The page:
Democrats would likely maintain control of the Colorado House under a new map of the chamber’s 65 districts headed to the state Supreme Court for final review.
The Independent Legislative Redistricting Commission voted 11-1 Monday night to approve the map, with Commissioner Gary Horvath, a Democrat from Broomfield, casting the lone “no” vote.
The Colorado Supreme Court now has until Nov. 15 to approve the map or send it back to the commission for revisions. Legal challenges are likely.
Thirty districts would be considered safe for Democrats, with another six districts leaning in the party’s favor. Nineteen districts would be safe for Republicans, with one district leaning in the GOP’s favor.
Nine districts would be considered competitive, according to a report by nonpartisan staff.
There are 65 seats in the House, meaning a political party needs 33 to control the chamber. The map adopted by commissioners Monday night sets up Democrats to maintain their majority in the House, albeit a smaller advantage than they have now.
Democrats currently have a 20-15 majority in the Senate and a 41-24 majority in the House.
The legislative commission has a policy defining political competitiveness based on an average of election results from eight statewide races between 2016 and 2020. The metric looks at the difference between the percentage of votes cast for a Republican candidate versus the percentage of votes cast for a Democratic candidate.
Nonpartisan staff consider a district competitive if neither party has an advantage of more than 8.5 percentage points. The Colorado Sun considers a district competitive, but leaning in favor of a political party if it has an advantage of at least 5 percentage points.
Nonpartisan staff could make some minor changes to the final House map before submitting it to the Colorado Supreme Court by Friday.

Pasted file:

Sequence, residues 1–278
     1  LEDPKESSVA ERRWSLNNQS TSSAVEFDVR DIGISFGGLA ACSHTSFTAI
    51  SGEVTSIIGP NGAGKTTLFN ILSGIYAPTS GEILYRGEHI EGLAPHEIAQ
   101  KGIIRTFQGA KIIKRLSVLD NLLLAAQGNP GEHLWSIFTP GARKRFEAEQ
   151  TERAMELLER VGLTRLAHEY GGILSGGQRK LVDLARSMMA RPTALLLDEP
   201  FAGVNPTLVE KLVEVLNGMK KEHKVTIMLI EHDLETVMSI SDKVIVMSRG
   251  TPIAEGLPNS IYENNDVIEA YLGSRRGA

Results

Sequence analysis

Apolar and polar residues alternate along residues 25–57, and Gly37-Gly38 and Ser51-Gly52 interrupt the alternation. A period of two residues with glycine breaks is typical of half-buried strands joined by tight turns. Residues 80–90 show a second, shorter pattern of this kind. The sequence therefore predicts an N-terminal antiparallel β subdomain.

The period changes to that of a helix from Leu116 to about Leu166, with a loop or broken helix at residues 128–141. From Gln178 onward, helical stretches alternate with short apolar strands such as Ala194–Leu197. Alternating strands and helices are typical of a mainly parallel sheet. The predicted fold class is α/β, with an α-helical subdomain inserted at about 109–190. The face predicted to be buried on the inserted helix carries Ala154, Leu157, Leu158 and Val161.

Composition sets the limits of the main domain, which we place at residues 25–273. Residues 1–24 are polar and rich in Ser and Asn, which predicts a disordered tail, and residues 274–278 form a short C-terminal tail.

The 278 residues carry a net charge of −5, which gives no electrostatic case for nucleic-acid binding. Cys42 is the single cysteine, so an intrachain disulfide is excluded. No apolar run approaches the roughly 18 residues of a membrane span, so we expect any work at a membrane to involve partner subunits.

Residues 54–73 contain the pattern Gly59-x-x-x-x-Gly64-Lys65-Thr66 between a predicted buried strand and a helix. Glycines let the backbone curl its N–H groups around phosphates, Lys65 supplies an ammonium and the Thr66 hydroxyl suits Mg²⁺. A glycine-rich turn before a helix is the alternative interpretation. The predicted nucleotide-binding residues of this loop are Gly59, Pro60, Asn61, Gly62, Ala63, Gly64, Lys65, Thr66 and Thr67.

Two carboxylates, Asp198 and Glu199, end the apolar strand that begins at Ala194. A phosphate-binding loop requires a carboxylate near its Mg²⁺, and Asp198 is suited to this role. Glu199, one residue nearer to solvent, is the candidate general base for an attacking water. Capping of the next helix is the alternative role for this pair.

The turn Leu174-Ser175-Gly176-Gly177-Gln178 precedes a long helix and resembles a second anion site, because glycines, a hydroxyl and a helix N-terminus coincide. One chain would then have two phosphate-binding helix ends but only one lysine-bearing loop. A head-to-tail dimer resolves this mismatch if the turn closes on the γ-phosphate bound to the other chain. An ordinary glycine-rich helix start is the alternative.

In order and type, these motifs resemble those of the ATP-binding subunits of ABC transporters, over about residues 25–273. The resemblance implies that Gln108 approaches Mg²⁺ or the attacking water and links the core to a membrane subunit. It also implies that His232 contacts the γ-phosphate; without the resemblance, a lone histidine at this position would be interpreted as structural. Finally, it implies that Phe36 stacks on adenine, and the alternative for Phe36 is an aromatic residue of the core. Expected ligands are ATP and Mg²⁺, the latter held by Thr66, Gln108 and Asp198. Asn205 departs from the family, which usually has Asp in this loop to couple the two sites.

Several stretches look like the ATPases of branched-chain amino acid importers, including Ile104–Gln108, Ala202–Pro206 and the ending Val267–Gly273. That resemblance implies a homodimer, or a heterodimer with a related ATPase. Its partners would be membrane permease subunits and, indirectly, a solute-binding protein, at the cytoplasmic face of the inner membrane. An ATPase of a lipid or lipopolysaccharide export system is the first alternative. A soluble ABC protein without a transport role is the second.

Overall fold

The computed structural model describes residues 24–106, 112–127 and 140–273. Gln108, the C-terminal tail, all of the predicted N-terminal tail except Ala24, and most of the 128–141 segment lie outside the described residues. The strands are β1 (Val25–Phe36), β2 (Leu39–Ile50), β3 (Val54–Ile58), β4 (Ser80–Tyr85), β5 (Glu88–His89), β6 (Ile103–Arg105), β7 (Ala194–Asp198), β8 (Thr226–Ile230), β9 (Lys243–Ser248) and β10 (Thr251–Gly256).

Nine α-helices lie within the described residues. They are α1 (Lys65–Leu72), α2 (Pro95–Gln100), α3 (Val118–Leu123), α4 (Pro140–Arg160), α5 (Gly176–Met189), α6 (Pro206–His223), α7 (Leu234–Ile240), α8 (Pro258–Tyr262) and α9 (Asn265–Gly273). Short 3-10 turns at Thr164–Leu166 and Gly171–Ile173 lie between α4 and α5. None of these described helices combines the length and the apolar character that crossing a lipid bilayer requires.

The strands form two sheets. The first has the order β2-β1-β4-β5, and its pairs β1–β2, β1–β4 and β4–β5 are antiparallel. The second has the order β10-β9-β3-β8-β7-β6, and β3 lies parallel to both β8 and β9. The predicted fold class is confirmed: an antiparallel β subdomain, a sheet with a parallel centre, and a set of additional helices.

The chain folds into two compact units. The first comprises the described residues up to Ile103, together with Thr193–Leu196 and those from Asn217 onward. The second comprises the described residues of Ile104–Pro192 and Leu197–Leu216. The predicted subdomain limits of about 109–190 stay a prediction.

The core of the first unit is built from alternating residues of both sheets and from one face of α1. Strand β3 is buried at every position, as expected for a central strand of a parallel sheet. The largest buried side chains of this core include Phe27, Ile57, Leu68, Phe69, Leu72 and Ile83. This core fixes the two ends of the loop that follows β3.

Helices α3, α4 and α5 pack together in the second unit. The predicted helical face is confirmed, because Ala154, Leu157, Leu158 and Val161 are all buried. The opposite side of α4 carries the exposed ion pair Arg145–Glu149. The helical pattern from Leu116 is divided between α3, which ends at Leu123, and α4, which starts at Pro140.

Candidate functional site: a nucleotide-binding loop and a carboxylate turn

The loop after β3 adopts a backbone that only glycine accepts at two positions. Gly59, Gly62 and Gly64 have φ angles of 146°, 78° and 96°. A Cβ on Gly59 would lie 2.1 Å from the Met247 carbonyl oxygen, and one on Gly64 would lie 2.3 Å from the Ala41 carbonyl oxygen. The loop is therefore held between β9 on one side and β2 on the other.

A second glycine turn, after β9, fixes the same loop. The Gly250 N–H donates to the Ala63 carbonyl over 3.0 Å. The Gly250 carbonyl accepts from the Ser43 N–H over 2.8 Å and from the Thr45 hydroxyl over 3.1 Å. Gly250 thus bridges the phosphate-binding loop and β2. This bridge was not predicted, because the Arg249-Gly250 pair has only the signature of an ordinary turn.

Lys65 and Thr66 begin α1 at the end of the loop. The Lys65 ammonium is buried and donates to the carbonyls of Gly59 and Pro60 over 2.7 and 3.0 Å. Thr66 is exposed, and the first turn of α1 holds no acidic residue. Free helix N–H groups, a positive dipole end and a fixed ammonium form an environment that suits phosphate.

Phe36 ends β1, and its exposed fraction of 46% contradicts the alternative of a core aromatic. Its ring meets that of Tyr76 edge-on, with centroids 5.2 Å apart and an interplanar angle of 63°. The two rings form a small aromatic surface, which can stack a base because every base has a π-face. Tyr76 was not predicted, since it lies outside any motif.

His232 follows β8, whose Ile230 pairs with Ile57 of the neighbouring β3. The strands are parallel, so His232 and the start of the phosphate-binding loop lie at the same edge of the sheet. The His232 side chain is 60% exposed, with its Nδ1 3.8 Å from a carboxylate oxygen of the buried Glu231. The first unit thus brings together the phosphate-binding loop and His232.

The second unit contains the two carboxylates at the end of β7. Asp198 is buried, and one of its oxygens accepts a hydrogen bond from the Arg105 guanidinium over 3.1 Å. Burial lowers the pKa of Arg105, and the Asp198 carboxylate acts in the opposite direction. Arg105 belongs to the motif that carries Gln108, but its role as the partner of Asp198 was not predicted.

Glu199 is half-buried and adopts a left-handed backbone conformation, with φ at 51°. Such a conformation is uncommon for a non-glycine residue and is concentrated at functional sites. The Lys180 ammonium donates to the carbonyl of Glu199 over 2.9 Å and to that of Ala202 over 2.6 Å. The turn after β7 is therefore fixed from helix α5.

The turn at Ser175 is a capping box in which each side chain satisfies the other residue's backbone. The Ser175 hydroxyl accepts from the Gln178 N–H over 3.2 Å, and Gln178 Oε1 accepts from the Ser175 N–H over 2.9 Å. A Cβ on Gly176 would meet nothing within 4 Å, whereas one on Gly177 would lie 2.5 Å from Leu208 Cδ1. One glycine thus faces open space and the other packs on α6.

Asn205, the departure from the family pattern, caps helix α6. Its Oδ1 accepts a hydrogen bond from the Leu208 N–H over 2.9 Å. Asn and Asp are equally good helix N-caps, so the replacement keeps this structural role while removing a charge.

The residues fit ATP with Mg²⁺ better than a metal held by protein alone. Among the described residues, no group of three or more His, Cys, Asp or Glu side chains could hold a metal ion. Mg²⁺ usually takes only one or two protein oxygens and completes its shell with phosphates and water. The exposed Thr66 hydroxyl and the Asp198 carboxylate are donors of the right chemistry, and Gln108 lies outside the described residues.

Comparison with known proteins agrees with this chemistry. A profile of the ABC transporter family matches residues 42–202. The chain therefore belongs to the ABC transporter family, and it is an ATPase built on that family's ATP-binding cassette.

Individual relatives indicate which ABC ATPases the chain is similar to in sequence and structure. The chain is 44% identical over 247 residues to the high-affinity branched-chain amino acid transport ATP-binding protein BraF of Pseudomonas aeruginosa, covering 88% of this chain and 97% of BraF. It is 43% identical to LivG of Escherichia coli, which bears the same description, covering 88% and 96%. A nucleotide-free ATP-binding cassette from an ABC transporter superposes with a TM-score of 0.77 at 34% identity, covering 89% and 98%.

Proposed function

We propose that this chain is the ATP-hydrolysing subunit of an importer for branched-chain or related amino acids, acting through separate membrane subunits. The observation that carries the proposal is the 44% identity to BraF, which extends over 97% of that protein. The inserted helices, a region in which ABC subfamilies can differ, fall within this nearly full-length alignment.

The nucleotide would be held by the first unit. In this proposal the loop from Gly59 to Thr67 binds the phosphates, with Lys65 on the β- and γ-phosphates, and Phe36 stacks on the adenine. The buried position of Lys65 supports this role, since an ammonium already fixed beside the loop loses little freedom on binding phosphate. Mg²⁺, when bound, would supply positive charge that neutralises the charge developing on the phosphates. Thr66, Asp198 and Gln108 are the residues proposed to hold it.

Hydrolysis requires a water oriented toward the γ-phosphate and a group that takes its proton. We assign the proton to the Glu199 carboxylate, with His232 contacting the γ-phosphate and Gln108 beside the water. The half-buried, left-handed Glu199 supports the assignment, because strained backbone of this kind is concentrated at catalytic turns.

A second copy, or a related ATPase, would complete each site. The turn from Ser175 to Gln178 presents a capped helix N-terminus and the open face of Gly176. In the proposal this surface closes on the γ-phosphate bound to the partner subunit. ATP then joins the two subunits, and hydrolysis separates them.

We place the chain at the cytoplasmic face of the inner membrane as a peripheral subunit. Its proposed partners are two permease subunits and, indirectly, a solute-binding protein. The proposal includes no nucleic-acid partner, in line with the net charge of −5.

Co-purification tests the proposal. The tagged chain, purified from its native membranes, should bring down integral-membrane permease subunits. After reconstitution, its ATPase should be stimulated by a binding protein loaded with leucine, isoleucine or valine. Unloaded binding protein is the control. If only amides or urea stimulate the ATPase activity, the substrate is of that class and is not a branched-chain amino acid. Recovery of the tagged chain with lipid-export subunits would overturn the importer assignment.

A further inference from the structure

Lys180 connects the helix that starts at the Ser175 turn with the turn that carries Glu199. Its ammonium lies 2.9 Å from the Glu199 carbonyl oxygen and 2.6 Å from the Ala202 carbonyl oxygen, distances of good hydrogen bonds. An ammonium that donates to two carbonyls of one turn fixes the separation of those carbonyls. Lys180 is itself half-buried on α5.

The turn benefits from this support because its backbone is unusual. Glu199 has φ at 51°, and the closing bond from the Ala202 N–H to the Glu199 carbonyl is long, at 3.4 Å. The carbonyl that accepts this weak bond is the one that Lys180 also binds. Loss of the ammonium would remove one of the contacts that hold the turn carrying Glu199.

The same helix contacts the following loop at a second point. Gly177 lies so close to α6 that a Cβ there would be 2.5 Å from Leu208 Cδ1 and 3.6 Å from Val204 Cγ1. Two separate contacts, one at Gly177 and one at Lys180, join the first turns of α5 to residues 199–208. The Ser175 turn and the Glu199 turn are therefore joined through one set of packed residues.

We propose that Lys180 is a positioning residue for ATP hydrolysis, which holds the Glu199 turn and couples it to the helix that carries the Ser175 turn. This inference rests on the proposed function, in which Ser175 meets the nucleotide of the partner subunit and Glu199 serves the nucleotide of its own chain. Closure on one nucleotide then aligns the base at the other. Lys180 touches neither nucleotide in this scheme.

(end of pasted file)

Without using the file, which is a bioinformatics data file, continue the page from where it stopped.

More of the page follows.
The legislative redistricting commission Monday night was deadlocked until 11:30 p.m. on a new state Senate map. The commission will reconvene at 6 p.m. Tuesday, their deadline to approve a map, for a final vote.
At least 16 House incumbents would be in the same district as another
At least 16 incumbent representatives would be drawn into the same district as another incumbent under the House map approved Monday night. But representatives in four of the districts are term limited or have announced a bid for higher office.
Candidates for the state legislature must live in the district they seek to represent for a year before Election Day. Since state representatives serve two-year terms, affected incumbents — with the exception of those who are term limited or seeking higher office — would have to decide whether to move into another district or challenge one of their colleagues to keep their job.
Of the affected districts without a term-limited incumbent or politician seeking higher office, two would be home to two Republican incumbents, one would be home to two Democratic incumbents and one would have a Democratic and a Republican incumbent.
- Democratic Rep. Tracey Bernett, of Longmont, and Republican Rep. Dan Woog, of Erie, would both live in House District 12. Both are in their first term.
- Republican Reps. Rod Bockenfeld, of Watkins, and Rod Pelton, of Cheyenne Wells, would both live in House District 30.